Democratic proposals to overhaul health care: A 2020 primer

About 20 million Americans have gained coverage under ObamaCare since it was passed in 2010, but nearly 9 percent — 30 million people — still don’t have health insurance. 

All Democrats running for president say they want to provide universal health care coverage to Americans. But they have different ideas about how to get there. 

Here are the plans they keep talking about on the campaign trail and what they would do. 

 

Medicare for All 

Sponsors: Sen. Bernie SandersBernie SandersHickenlooper day-old Senate bid faces pushback from progressives Steyer calls on DNC to expand polling criteria for debates Andrew Yang: News coverage of Trump a 'microcosm' of issues facing country MORE (I-Vt.) has offered a plan in the Senate, and Rep. Pramila JayapalPramila JayapalLawmakers urge DNC to name Asian American debate moderator Medicare for all: fears and facts House Democrats urge Trump to end deportations of Iraqis after diabetic man's death MORE (D-Wash.) has introduced similar legislation in the House.

Who supports it: Sens. Cory BookerCory Anthony BookerSteyer calls on DNC to expand polling criteria for debates Gabbard hits DNC over poll criteria for debates The Hill's Campaign Report: Democratic field begins to shrink ahead of critical stretch MORE (D-N.J.), Kirsten GillibrandKirsten Elizabeth GillibrandThe Hill's Campaign Report: Democratic field begins to shrink ahead of critical stretch Gabbard, Steyer inch toward making third Democratic debate Gillibrand unveils mental health plan MORE (D-N.Y.), Kamala HarrisKamala Devi HarrisSteyer calls on DNC to expand polling criteria for debates Gabbard hits DNC over poll criteria for debates The Hill's Campaign Report: Democratic field begins to shrink ahead of critical stretch MORE (D-Calif.) and Elizabeth WarrenElizabeth Ann WarrenSteyer calls on DNC to expand polling criteria for debates Gabbard hits DNC over poll criteria for debates The Hill's Campaign Report: Democratic field begins to shrink ahead of critical stretch MORE (D-Mass.) and Rep. Tulsi GabbardTulsi GabbardSteyer calls on DNC to expand polling criteria for debates Gabbard hits DNC over poll criteria for debates The Hill's Morning Report: How will Trump be received at G-7? MORE (D-Hawaii) have all sponsored the Medicare for All bills in the House and Senate. South Bend, Ind., Mayor Pete ButtigiegPeter (Pete) Paul ButtigiegSteyer calls on DNC to expand polling criteria for debates The Hill's 12:30 Report: Stocks sink as Trump fights with Fed, China Gabbard hits DNC over poll criteria for debates MORE said he wants to work toward such a system.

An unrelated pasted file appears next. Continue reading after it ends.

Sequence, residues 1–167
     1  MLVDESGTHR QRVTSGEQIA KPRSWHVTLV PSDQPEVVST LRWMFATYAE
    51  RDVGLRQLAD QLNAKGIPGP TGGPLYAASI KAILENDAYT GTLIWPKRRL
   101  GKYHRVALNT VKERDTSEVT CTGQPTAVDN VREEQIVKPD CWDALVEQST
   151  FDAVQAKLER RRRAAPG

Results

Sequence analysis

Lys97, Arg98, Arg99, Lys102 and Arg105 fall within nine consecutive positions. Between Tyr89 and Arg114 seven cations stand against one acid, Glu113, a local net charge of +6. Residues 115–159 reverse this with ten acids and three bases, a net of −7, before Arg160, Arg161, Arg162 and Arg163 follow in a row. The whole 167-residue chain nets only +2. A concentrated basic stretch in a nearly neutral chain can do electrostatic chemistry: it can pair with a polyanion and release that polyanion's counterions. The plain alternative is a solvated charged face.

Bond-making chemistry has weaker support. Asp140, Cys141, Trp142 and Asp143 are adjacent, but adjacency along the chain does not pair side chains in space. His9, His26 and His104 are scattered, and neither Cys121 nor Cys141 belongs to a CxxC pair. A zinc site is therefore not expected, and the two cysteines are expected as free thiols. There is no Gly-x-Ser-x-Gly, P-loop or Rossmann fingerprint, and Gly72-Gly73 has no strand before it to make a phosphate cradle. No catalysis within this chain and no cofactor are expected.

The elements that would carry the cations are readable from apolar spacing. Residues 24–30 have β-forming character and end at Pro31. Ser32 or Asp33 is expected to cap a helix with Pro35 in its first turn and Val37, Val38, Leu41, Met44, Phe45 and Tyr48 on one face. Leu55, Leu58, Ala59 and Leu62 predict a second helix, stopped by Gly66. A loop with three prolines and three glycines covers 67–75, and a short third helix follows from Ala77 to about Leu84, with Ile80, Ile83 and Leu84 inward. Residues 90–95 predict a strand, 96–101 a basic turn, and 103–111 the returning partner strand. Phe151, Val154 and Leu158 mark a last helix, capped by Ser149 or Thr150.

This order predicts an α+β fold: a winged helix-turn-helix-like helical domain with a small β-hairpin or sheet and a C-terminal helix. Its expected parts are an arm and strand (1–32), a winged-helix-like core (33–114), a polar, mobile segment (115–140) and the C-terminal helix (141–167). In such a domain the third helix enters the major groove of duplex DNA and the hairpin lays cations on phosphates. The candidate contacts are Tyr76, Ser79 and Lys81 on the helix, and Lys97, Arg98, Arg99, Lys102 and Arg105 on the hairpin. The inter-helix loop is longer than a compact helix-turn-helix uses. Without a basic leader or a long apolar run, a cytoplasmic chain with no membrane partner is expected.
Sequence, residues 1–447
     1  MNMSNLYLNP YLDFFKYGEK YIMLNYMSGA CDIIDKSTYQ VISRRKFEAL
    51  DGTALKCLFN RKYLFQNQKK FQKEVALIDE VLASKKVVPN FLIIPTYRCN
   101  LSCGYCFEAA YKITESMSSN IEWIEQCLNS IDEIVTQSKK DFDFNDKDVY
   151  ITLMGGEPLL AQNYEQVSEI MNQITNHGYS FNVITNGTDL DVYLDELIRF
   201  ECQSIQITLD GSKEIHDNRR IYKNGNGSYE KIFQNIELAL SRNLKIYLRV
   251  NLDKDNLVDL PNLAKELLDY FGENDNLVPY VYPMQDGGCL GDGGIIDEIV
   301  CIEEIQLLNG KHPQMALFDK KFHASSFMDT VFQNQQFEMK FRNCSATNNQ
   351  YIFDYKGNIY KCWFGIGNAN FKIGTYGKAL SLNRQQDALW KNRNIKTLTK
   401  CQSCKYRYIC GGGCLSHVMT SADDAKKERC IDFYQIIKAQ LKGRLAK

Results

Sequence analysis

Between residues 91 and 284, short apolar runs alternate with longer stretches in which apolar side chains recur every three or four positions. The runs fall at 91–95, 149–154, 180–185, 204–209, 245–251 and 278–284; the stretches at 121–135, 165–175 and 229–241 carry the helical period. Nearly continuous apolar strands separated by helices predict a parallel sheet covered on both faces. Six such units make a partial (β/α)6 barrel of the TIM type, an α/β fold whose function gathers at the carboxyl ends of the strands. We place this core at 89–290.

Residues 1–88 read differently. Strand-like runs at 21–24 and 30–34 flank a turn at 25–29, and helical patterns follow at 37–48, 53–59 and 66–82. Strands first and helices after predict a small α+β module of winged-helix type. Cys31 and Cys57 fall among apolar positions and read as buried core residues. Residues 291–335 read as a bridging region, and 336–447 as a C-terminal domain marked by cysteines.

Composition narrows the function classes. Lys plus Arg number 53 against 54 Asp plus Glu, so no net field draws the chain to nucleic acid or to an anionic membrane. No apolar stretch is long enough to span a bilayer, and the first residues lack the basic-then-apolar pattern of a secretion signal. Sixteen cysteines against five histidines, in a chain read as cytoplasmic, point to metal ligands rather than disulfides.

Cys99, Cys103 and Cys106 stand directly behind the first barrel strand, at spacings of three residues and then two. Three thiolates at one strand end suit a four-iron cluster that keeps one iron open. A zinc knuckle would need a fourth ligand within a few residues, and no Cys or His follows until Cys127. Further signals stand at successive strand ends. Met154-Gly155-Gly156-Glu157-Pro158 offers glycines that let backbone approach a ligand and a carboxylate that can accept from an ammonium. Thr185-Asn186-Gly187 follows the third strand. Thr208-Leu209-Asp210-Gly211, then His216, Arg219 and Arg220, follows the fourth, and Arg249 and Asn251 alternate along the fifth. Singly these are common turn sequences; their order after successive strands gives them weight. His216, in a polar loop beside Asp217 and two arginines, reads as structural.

What it would do: Of all the plans to expand Medicare, Sanders’s is the most ambitious.

Over a four-year period, it would transform Medicare, the nation’s health care program for those over 65, into a single-payer system that provides comprehensive health care coverage, including dental, vision and long-term care, to all Americans under one plan.

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It also would eliminate most other federal health programs, such as Medicaid, but keep the Indian Health Service and the Veterans Health Administration, though those could eventually be eliminated as well.

This would mean an end to private insurance plans as we know them, including those offered by employers and the plans people can buy individually, such as those sold on the ObamaCare marketplaces. 

That’s because under this proposal, private insurance companies would actually be banned from selling plans that cover the same services.

This is a sticking point for Democrats, many of whom are wary of getting rid of a multibillion-dollar industry that covers 67 percent of the population.